5. All the strips of roofing felt are now stuck down. I can't say it has improved the look of the scene so I haven't photographed it. Should be track laying today. Cracking weather, if the wind is low enough, soldering outside may only be a small pain in the arse. I'm interested to see how easy it is to solder the O-16.5 track, its exactly the same Code 100 rail, but the sleepers are further apart so there may be a little more room for the iron.
  6. The bridge and approach road look amazing. I watch your latest YouTube on my TV before I read this post about construction. I spotted all the work you had done and even commented to my wife how impressed I was. Great work.
  7. The only concern is that the platforms may become a water trap if the water drains that way. I have one platform where this is a problem and another two where it isn't. Gently pour some water on it and see where it drains. If you are leaving it out then make sure that the top section of your trunking can't slide along the bottoms section. You may think that there is enough friction, but expansion and contraction with heat will make the top creep. I drill a small hole through the bit where they clip together and stick a track pin in. This ensures that the top can't slip along.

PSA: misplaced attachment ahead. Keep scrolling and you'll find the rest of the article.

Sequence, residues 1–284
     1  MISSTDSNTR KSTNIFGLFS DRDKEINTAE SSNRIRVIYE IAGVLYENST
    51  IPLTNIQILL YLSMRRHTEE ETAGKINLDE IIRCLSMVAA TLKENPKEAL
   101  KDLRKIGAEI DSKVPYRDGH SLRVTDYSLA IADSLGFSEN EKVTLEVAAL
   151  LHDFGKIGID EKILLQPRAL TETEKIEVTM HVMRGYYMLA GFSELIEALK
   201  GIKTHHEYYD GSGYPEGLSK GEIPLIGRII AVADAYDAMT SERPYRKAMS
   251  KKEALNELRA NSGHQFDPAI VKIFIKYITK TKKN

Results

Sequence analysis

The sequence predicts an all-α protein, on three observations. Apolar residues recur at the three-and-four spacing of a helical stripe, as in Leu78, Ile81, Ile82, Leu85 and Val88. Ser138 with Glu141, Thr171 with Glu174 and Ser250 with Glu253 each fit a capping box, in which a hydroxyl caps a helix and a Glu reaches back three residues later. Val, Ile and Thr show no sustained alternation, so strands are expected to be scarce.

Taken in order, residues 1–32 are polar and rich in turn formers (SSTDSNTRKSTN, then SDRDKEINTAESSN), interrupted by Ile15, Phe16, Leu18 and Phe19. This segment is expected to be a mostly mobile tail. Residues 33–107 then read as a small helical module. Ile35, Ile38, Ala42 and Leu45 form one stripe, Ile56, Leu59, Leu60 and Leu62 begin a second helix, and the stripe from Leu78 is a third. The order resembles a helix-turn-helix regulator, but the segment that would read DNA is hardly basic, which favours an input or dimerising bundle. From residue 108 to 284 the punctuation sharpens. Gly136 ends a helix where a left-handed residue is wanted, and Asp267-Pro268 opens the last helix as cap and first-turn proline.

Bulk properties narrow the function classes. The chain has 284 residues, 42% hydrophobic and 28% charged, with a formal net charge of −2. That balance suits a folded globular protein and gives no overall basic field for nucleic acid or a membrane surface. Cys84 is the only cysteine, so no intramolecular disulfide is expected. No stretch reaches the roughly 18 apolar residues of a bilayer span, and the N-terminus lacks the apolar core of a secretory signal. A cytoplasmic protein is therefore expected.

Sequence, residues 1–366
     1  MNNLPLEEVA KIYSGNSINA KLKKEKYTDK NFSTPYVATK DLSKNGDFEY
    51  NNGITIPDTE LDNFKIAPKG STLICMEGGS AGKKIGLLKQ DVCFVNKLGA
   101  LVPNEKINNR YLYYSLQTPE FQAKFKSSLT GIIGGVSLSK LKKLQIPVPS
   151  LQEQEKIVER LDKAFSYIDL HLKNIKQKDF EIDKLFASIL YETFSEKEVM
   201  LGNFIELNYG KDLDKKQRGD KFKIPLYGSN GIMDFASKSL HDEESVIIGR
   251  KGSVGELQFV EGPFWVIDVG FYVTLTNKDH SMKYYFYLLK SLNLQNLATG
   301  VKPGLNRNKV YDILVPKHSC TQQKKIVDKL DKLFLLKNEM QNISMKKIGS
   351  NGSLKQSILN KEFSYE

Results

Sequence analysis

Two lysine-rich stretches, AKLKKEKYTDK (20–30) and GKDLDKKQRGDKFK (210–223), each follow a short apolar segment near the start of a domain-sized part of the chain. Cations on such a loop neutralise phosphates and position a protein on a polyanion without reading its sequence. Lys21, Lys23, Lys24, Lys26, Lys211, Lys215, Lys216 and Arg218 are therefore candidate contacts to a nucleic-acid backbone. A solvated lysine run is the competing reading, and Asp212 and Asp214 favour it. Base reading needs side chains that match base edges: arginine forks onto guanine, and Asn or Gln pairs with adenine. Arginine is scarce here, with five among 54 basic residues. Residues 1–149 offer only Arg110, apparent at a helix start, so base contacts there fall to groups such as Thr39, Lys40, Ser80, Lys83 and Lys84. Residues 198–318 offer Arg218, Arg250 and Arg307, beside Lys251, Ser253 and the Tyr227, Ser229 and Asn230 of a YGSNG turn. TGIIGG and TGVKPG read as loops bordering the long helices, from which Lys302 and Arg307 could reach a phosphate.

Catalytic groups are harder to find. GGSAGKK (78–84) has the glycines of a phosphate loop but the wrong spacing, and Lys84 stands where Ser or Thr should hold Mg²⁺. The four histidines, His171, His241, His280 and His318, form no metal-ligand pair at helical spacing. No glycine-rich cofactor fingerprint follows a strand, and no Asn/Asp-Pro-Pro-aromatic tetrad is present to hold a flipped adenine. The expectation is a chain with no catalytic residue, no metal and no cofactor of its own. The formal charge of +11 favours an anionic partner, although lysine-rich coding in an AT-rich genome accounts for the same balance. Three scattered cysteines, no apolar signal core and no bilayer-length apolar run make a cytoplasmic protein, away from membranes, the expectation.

8. Yesterday I began the process of filling the gaps with earth and stone. Months ago I rescued the stones form a friends driveway before she had it tarmaced. I didn't know if I had enough, which meant it was guess work as to how much earth I'd need to fill with first. We did about 72% of the filling. Getting the point where the final position of the trackbed blocks has yet be decided. This morning I placed some track down and, for fun, popped some coaches on. This turned out to be helpful, it shows me how long my passing loop will have to be, allowing for a loco on the front. Up shot is that I can'y make it any shorter. I'm still uncertain which point to use where. I have two right hand and two Y. I've started thinking through how I can create a connecting line to the Snicketway baseboards. I'm going to use some 18mm ply which should be ridged enough for the 70cm length it will span. For the radius I'm following the track that came with train set, which ensures that it won't be too tight. This afternoon I'm going to have to lower a couple of the ridge blocks by 18mm to allow for the linking track to be able to pass over them while the track stays on the level. Feels like real progress now. Should be sticking down roofing felt and laying track soon.